are a sandwich construction of two rigid composite materials usually
wood-based like OSB or plywood with a foamed insulating material in
between. This is accomplished by either by gluing or injecting foam in
place. Polyurethane and polyisocyanurate are the most common foam
used. The advantage of this for timber framing in the modern world
results in less of a dependency on bracing and auxiliary members. Joists
and rafters can be reduced as the panels can span a considerable
distance. Structural Insulated Panels significantly increase the stiffness
of the timber frame itself.
Alternative ways include the use of straw-bale construction. The straw
bales are stacked for the walls with various finishes applied to the
interior and exterior such as stucco and plaster. This appeals to the
traditionalist and the environmentalist as this is using "found" materials
Timber Frame & Post and Beam definitions.
AIR DRIED - stacking wood prior to installation to allow air movement to evaporate moisture for a prescribed period of
BRACE – a structural component, on a slope, used to secure other parts of the structure. May be permanent or
BAY – The space between two timber frame bents.
BEAM – a principal horizontal structural member, used to carry vertical loads.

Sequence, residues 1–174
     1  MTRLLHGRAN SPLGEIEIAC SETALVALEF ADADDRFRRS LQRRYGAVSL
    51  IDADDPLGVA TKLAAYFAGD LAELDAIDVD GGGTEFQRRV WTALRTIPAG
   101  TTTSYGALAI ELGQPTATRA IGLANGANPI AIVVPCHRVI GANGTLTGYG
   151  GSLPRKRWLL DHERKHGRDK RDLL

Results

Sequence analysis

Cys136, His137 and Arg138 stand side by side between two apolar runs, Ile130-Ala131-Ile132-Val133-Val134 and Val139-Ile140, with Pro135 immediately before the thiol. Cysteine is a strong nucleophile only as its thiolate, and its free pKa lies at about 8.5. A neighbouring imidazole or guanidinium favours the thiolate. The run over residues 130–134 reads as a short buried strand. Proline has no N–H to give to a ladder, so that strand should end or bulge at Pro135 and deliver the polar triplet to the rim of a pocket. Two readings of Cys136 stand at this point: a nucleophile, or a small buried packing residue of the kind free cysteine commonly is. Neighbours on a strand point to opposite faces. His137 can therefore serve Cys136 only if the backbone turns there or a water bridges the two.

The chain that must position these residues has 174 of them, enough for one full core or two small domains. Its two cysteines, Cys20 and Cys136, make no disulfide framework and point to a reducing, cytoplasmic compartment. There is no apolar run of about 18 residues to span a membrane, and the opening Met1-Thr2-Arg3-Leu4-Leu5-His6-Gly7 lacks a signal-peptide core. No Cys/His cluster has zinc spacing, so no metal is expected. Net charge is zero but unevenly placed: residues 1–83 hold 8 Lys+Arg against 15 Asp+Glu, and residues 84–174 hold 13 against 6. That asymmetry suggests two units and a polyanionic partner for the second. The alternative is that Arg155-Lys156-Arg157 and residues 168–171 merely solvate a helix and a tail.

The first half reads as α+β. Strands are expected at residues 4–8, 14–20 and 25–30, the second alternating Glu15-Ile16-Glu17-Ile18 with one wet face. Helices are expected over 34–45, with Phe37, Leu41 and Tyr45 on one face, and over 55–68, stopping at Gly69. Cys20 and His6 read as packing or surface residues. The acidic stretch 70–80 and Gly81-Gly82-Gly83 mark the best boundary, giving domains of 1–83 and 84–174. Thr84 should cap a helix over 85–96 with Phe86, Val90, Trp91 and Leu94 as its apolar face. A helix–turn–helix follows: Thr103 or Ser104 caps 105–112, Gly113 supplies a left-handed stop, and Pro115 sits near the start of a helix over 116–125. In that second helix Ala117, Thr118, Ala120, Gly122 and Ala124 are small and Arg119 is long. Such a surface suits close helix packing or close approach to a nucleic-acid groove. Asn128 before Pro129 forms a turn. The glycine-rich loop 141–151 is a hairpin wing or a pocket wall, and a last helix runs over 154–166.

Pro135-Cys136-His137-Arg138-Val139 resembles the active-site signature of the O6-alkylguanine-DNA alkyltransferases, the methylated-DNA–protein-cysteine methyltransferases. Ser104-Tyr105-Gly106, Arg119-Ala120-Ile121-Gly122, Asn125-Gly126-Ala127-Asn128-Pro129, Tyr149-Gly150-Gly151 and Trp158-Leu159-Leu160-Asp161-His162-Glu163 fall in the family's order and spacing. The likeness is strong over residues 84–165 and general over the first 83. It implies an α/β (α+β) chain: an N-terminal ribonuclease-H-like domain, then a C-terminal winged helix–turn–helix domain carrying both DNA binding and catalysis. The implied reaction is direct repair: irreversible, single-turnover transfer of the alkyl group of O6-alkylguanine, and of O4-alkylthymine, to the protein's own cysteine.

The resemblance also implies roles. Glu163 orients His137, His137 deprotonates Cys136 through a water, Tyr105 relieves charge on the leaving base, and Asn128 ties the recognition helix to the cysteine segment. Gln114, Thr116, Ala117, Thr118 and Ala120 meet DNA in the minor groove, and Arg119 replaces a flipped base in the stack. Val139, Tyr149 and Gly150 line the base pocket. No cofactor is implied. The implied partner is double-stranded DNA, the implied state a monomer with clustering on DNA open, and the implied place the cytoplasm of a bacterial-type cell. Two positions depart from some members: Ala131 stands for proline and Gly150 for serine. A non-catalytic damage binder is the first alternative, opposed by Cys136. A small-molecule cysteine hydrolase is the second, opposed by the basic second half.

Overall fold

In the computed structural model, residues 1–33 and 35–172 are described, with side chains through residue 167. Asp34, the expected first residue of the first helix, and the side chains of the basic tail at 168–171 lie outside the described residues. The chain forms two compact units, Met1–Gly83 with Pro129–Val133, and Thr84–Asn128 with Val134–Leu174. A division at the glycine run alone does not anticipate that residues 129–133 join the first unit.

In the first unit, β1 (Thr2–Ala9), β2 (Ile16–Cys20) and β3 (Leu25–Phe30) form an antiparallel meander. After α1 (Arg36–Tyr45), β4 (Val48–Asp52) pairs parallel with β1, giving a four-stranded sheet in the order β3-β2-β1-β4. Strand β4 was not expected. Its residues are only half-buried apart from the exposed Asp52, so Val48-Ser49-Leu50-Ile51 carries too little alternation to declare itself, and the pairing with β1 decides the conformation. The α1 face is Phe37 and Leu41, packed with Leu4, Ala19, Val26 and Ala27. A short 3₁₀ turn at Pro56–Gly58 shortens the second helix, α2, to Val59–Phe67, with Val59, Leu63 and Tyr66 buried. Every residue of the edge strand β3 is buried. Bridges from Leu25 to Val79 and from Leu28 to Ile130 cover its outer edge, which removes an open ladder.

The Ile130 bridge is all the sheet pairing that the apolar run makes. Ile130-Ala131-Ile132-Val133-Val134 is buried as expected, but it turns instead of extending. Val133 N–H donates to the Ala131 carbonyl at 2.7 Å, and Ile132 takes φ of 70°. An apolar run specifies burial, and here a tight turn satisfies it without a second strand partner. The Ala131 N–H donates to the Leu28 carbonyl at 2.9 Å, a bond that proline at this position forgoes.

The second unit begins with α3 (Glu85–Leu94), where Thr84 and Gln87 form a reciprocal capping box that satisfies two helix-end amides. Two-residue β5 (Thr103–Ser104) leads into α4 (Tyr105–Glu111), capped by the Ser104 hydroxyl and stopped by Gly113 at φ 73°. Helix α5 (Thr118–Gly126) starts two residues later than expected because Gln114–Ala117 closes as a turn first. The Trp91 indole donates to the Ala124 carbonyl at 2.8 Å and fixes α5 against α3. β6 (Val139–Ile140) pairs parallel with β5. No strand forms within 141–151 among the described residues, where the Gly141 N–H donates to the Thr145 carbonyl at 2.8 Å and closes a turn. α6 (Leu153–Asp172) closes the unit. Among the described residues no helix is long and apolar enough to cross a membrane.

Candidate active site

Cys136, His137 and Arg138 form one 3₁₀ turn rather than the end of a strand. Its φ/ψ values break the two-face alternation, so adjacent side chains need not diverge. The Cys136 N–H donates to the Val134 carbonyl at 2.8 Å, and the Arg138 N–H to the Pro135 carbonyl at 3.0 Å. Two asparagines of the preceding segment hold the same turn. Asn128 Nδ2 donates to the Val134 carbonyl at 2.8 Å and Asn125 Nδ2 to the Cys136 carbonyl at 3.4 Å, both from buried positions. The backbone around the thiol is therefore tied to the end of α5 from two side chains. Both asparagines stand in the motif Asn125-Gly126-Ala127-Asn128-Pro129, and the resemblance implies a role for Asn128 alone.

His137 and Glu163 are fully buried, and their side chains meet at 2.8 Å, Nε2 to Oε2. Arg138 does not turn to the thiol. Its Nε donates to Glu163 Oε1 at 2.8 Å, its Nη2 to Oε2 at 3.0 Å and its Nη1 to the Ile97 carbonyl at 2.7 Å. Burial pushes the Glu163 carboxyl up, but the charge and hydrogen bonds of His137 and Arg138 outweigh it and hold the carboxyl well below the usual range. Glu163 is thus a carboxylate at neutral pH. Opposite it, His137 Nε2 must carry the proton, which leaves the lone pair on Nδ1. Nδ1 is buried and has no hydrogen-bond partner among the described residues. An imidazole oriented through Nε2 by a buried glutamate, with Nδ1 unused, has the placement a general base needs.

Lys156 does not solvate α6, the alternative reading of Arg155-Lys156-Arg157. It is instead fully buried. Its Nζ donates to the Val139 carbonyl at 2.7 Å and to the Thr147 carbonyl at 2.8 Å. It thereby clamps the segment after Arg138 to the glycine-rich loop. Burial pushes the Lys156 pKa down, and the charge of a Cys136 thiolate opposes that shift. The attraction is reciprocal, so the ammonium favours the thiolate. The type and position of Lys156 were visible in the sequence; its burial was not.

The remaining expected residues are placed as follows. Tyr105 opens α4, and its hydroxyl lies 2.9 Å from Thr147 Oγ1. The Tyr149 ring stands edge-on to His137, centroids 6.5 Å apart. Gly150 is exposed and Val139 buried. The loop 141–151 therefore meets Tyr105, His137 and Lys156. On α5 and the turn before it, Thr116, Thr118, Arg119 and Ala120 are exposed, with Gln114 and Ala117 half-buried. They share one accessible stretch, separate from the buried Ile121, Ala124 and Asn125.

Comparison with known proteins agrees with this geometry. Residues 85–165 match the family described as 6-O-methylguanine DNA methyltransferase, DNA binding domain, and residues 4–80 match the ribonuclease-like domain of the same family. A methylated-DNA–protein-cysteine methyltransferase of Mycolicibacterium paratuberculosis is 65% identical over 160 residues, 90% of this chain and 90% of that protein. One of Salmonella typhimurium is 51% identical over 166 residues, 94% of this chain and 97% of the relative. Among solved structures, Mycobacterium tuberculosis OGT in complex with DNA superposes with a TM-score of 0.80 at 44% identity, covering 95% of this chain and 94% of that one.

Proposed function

BEAM POCKET – a notch in a wall prepared to receive the ends of a beam.
BENT – The structural network of timbers, in a wall or truss, making
up one cross sectional part of a timber frame.
BLIND MORTISE – a mortise that does not extend completely through the piece.
COLLAR PURLIN – horizontal, longitudinal beams that support collar ties.
COLLAR TIE – a horizontal log or timber between 2 adjacent rafters that prevent sagging and spreading of the roof
CROSS-GRAIN – deviation of grain direction from the longitudinal axis of a piece of wood or from the stem axis in a
DRAW BORING (DRAW-PINNING) – offsetting holes in a mortise and tenon joint, into which a
tapered pin is driven.
DRYING (AIR DRIED, KILN DRIED, SEASONED) – the condition or process defining the moisture content of wood; in
lumber grading, having a moisture content of no more than 19%.
EQUALIBRIUM MOISTURE CONTENT (EMC) – the moisture content eventually attained in wood exposed to a given
level of relative humidity and temperature.
FLITCH PLATE (KNIFEPLATE) – a metal plate cut into the center of a log or timber connections, bolted to the
components, in order to provide additional shear and tension strength.
FLY RAFTER – the end rafter on a roof overhang, typically on a gable end, that is supported by the ridge, trimmer,
and lookout rafters.
GIRDER – a horizontal beam carrying floor joists.
GIRT – a horizontal timber connecting 2 posts. Traditionally used for attaching vertical sheathing.
GREEN (LOGS) – freshly cut and unseasoned wood; having moisture content in excess of 19%.
GUSSET – the connectors used on truss work that provide strength to the joints. May be plywood, metal, boards, or
other materials of equal strength.
GUY WIRE – an anchored cable acting as a brace.